Flash Fiction Friday: Affected
They were sitting on the low brick wall outside the north wing. He was in a grey peacoat, and she was in a puffy tan jacket with a faux-fur-lined hood. Her boots didn’t touch the ground, she was too short, and whenever he made her laugh, her feet would kick up and then drop back down to bounce her heels against the bricks. She had wavy black hair pulled back by a shiny headband. I’d met her in my calc class this year. From where I stood, I couldn’t hear her laugh, but I knew it was perfect, so feminine. I’d tried to mold my own laughter to match hers but it always sounded like I was trying too hard, which I was. Perfection like Maria’s could only be natural.
I moved closer to them, still behind the tidy row of cypress trees. From here I could make out his face. He looked fresh, sharply defined in the bright yellow morning light. There was something distinctly European about him. I knew he was American, he’d lived in Hanover since birth, but his deep-set eyes and hatchet nose were unique. He had caught my eye last month after a history lecture and we’d shared notes and a few conversations. It was difficult for me to approach him, even for a simple hello. With each exchange, the mounting impossibility of his mutual interest became unbearable and so I’d asked for help.
Their voices were audible now but not discernable. I had the feeling the wind was blowing their words toward me, but like leaves in a zephyr they fell short and fluttered to the pavement in front of me, too far to reach. She was laughing now, again, and so was he. He said something and raised his eyebrows; she looked at her folded hands and replied; he shook his head and laughed again. There was a pause, and they looked in different directions, a little bit uncertain. She bit her lip, and opened her mouth, but he spoke first. Had she asked about me yet? I held my breath, but then his hand reached up and touched her cheek gently.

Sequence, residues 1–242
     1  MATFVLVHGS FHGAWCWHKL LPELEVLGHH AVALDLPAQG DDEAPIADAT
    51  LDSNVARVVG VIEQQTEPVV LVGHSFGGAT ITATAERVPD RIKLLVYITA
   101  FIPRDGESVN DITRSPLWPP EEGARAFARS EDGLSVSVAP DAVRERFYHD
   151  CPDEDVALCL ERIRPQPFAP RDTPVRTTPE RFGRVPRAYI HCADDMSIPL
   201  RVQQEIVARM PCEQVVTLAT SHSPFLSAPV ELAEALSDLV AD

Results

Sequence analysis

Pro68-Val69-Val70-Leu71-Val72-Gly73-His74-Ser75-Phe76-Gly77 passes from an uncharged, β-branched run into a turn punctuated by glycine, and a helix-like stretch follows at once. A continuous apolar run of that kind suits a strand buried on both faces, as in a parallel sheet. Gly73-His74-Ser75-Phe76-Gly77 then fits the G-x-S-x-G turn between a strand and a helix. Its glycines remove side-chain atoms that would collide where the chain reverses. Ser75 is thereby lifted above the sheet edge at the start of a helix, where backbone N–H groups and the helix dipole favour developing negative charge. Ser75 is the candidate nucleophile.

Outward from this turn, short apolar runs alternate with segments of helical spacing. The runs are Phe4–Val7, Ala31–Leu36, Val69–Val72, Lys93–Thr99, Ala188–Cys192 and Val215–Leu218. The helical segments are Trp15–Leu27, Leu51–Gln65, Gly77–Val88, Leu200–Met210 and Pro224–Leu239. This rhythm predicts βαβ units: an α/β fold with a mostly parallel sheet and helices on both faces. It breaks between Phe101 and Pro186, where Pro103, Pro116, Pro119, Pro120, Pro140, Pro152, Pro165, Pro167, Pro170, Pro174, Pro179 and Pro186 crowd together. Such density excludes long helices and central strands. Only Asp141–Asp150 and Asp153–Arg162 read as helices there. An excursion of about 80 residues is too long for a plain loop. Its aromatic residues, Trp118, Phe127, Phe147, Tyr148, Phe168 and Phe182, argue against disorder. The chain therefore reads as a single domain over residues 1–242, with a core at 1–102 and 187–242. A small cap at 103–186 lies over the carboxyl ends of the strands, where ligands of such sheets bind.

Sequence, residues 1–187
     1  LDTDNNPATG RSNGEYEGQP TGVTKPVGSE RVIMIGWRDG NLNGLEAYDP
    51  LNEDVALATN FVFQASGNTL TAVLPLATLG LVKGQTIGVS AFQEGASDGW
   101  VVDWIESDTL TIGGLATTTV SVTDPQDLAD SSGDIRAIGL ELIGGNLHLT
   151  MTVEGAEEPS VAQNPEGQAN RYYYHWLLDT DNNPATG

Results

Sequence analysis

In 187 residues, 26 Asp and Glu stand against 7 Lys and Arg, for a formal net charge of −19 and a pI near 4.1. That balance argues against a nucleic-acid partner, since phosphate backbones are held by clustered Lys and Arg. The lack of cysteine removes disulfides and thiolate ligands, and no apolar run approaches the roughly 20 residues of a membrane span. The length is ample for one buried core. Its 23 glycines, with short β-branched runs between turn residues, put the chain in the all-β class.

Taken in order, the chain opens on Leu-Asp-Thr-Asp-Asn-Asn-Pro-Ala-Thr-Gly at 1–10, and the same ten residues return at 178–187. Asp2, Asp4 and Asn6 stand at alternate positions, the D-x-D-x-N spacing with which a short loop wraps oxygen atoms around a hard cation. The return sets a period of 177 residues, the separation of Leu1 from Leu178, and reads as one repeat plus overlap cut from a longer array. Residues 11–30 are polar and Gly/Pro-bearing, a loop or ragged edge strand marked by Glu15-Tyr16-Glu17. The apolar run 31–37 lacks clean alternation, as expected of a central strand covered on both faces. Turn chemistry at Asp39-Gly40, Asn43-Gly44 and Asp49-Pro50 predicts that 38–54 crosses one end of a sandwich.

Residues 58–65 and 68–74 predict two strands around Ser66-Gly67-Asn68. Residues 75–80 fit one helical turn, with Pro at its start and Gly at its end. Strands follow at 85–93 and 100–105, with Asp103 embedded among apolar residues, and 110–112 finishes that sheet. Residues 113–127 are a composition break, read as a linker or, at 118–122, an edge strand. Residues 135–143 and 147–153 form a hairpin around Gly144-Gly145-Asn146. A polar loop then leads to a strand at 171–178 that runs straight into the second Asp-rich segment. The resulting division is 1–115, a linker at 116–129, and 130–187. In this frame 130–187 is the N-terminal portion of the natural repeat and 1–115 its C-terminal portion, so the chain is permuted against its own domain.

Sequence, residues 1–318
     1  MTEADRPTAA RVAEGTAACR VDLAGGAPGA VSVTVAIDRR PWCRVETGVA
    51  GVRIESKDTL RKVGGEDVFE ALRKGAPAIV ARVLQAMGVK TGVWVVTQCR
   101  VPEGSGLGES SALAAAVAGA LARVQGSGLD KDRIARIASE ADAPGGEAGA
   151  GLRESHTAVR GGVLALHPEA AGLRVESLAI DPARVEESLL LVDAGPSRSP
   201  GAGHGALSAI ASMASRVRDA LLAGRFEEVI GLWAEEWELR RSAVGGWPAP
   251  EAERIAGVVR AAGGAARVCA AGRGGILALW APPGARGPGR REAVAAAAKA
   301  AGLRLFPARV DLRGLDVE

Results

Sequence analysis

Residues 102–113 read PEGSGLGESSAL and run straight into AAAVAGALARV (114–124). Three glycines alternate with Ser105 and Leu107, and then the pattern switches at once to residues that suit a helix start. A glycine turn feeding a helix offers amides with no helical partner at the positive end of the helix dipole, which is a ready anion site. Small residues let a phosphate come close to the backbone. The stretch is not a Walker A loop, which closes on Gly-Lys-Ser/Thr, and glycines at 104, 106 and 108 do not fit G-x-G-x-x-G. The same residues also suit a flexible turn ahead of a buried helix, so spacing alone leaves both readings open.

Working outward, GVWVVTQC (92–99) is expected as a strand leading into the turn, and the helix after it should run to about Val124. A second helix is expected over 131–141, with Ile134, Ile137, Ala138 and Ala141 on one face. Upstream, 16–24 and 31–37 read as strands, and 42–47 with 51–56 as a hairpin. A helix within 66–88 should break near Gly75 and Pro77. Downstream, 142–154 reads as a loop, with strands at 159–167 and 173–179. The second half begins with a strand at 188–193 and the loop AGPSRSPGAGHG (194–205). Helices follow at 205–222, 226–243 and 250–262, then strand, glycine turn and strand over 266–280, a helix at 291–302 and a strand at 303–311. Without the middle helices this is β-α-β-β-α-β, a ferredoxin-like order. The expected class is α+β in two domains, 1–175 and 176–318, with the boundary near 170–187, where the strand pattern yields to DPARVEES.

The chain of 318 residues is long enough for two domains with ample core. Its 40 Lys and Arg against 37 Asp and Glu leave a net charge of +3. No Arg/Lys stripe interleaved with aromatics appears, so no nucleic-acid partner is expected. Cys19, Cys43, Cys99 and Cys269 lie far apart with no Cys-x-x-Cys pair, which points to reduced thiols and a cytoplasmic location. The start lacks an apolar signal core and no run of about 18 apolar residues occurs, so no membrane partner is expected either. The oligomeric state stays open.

I knew it! She looked almost — God, but I knew this would happen. It was like the ugly sister had sent the princess to do her bidding. His hand dropped to his side and I hated it for never having touched my face. He said something — and why had she agreed with me so quickly? She’d said they had mutual friends, but of course they did, wasn’t that how every couple met? Between him and me, we had too many degrees of separation for it to work out. Maybe the math was just against us from the start. I grit my teeth together and watched her jump off the wall and make a gesture with her hand, but my eyes were blurring so badly that I couldn’t tell what it was. She hadn’t known I would watch. What would she tell me had happened? And how long would she wait to break the truth to me? I spat into the bushes and knew I would never do what Maria had just done to me. I swore I would never change the way I laughed.